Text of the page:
Netanyahu’s Comfort Zone
Bibi is who he is. Right now, he’s a legitimate Israeli leader who may well be the only political figure capable of leading the country. Whether he can lead Israel to real peace with the Palestinians is another matter entirely.
It’s politically inconvenient to admit it, but given Bibi’s world view — which is profoundly shaped by suspicion and mistrust of the Arabs and Palestinians — he’s more comfortable in the world of Hamas than of Abbas. This is a world of toughness, of security, and of defending the Jewish state against Hamas rockets, incitement, and anti-Semitism. Hamas’s behavior merely validates Netanyahu’s view of reality — and it empowers him to rise to the role of heroic defender of Israel.
Netanyahu didn’t seek out a war over Hamas’s rockets, which threaten an increasing number of Israeli towns and cities. But he is truly in his element in dealing with it. Sure he’d like to destroy Hamas and negotiate with Abbas — but on his terms. Indeed, the world of a negotiation over borders, refugees, Jerusalem is a world of great discomfort for Netanyahu, because it will force choices that run against his nature, his politics, and his ideology.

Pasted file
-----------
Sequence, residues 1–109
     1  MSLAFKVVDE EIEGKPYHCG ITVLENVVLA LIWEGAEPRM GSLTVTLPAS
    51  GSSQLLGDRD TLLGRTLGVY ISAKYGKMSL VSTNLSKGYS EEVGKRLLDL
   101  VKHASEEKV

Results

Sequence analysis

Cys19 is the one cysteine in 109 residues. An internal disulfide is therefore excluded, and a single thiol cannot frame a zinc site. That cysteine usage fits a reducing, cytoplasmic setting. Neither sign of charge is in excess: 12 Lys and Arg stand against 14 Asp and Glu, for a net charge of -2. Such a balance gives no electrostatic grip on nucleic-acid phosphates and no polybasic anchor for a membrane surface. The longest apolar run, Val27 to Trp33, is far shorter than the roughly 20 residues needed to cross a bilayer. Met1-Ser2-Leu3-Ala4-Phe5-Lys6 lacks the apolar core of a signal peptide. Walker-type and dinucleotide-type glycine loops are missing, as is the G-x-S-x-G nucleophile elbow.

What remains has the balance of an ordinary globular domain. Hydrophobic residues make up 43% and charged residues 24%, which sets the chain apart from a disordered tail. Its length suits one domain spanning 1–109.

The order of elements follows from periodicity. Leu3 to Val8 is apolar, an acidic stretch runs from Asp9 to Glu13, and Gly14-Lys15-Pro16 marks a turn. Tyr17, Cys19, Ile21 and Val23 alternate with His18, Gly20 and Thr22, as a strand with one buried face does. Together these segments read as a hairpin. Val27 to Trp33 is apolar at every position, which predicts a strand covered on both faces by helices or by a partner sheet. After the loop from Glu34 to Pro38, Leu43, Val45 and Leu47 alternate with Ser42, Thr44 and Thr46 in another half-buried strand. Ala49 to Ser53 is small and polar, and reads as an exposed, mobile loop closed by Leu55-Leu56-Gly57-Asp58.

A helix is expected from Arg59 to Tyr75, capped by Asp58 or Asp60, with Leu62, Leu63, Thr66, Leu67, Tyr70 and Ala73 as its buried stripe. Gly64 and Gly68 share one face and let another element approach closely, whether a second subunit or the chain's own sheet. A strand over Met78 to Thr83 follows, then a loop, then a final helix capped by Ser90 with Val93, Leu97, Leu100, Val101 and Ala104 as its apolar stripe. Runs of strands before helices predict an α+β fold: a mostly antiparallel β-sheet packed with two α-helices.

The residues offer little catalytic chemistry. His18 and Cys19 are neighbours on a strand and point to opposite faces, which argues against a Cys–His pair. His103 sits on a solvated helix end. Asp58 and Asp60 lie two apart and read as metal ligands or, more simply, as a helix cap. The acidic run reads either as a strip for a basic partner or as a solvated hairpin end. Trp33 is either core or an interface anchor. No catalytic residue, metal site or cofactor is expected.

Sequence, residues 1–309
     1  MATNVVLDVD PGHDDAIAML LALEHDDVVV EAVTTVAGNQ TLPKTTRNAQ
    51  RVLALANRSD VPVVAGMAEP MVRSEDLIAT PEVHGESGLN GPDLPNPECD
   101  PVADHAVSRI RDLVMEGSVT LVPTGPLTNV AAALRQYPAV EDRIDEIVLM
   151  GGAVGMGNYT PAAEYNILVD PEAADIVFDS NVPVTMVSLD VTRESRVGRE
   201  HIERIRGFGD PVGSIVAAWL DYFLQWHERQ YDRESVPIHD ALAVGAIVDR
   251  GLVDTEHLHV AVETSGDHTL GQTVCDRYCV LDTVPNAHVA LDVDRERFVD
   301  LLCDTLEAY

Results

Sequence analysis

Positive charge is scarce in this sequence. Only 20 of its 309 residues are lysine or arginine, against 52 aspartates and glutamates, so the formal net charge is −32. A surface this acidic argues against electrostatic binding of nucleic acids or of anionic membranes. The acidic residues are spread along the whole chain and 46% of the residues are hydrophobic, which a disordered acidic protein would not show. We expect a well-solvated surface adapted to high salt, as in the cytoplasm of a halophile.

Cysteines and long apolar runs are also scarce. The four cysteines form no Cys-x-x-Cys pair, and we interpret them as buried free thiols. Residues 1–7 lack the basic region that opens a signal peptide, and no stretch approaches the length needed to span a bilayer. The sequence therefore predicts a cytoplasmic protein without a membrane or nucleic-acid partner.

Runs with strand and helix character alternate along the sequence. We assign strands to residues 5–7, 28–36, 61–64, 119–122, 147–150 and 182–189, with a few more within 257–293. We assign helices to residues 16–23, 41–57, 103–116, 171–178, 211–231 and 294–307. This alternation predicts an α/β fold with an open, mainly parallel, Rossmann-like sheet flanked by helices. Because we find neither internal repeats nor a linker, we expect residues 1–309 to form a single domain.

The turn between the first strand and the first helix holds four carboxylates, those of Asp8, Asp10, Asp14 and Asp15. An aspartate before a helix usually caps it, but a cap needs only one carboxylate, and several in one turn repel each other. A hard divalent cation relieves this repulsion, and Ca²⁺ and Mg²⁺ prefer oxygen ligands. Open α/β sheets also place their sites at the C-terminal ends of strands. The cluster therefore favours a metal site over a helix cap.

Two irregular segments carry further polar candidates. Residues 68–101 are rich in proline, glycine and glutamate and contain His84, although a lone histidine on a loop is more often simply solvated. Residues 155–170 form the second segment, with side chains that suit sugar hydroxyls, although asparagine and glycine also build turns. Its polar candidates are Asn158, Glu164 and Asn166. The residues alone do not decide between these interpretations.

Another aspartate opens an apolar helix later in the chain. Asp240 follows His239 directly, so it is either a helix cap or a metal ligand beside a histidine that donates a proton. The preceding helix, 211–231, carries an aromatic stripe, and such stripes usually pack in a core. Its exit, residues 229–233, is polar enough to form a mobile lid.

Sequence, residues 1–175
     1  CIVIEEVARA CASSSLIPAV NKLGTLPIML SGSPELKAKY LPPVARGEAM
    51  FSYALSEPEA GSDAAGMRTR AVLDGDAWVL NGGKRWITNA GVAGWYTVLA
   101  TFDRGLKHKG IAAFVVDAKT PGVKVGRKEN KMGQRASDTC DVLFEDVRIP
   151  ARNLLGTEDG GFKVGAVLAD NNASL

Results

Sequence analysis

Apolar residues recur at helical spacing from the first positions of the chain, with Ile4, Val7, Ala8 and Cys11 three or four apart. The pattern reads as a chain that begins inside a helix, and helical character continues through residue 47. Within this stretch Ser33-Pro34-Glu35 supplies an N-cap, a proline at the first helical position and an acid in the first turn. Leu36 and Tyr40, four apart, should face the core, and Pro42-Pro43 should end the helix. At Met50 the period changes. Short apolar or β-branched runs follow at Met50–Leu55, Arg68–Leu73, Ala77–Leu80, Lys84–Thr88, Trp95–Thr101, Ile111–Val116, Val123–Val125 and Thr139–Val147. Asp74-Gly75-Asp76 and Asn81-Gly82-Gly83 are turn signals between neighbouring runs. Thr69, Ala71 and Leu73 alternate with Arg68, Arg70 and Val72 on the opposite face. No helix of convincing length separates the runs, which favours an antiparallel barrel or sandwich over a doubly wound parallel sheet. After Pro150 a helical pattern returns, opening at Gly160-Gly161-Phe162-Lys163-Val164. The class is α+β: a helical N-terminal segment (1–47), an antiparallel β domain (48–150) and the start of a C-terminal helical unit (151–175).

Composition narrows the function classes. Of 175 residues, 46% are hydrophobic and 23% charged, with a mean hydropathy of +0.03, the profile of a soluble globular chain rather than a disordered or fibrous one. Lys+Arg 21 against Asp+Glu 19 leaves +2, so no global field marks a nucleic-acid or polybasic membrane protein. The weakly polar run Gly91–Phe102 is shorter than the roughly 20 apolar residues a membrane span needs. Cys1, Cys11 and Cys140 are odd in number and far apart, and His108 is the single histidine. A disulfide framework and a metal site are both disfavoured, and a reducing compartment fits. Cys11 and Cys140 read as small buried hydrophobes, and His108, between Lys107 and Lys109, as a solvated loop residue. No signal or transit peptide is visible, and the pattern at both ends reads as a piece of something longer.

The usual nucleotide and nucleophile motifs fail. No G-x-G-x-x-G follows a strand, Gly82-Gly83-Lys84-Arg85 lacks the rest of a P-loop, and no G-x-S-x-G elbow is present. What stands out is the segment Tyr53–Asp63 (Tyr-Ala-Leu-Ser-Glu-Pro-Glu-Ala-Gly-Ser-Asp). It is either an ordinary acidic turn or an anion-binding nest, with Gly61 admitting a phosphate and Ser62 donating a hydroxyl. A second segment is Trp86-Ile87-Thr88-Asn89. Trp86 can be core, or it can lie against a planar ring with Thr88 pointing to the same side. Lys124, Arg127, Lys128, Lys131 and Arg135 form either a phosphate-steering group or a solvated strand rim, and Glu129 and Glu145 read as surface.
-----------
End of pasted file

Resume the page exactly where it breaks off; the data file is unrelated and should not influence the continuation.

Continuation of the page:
Hamas isn’t a cheap excuse conjured up to avoid negotiating with the Palestinians, of course. But the fact that Abbas can’t control Hamas and that Arab states, particularly Egypt, now embrace it openly is precisely why Bibi believes he must be cautious in any negotiations. He may intellectually accept the possibility that the absence of meaningful negotiations actually empowers Hamas. But never emotionally. If you see the world through an us vs. them filter, you’re rarely responsible for the problem — it’s almost always the other guy’s fault.
The Islamist Spring
Even while their publics identified with the Palestinian cause, the Arab states never really trusted the Palestinian national movement and its organizational embodiment, the Palestine Liberation Organization (PLO).